We consider the Ukrainian President’s official visit to Paris in October 2010 as one of the most important highlights in our recent bilateral relations. During that visit, his French counterpart pointed out that the conditions were right to take our relations to the next level, i.e. a strategic partnership. The French Prime Minister visited Ukraine in April 2011, where he co-chaired the international conference to raise funds for projects in Chernobyl, and the Ukrainian Minister of Foreign Affairs visited Paris in September 2011.
The elections in France and Ukraine in 2012 indeed did little to help regular, intensive political exchanges. But now that the the new President of the French Republic – Mr François Hollande – has been elected, the new government has been appointed and general elections in our two countries are over, I believe it is time to resume active bilateral exchanges.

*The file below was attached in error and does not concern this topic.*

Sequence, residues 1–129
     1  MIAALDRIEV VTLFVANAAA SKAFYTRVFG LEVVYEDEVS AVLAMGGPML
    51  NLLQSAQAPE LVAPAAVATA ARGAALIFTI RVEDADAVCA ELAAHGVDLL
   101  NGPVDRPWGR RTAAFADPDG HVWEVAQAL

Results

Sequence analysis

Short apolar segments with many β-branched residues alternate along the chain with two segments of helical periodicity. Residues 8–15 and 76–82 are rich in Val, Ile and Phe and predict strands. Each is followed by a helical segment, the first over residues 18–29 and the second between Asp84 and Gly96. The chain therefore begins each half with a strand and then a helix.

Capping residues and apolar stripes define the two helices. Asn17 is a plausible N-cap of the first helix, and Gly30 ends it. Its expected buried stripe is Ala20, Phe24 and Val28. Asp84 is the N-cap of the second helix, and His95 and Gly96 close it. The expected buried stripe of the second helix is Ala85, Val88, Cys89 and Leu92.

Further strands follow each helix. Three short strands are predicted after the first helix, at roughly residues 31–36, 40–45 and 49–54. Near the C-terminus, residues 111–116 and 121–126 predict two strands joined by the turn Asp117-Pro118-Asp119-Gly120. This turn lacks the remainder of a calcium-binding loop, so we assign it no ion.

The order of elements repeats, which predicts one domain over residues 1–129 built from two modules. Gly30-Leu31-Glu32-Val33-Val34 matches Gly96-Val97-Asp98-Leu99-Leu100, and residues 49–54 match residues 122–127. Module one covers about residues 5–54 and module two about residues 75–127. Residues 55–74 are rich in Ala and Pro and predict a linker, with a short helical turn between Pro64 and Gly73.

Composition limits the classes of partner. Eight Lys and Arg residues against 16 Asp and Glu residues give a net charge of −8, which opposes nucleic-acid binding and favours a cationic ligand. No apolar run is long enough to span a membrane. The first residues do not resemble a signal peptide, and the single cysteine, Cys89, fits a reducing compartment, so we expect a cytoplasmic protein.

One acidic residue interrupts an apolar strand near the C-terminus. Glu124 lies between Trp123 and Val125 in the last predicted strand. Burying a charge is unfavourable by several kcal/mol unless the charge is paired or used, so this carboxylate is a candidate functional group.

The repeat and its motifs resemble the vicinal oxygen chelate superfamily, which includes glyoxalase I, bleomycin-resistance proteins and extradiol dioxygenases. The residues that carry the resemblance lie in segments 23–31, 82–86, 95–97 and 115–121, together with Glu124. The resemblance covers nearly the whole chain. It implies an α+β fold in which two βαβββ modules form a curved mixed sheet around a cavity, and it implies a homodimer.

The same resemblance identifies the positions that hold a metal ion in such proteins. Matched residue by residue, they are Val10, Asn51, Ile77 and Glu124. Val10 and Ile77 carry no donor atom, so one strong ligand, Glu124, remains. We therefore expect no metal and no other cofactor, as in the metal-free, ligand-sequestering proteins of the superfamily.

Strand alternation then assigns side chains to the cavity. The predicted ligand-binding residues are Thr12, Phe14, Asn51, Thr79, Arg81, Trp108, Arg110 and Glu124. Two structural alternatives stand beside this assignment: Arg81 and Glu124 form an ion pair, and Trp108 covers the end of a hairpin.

We have a tried-and-tested mechanism we can use to keep dialogue between our two countries alive: the French-Ukrainian relations roadmap, which we renew every two years and use to guide our efforts. The third roadmap will expire at the end of 2012, so I think we should start drafting the new version of this important document – which will outline the main guidelines shaping our cooperation over the short term – very soon.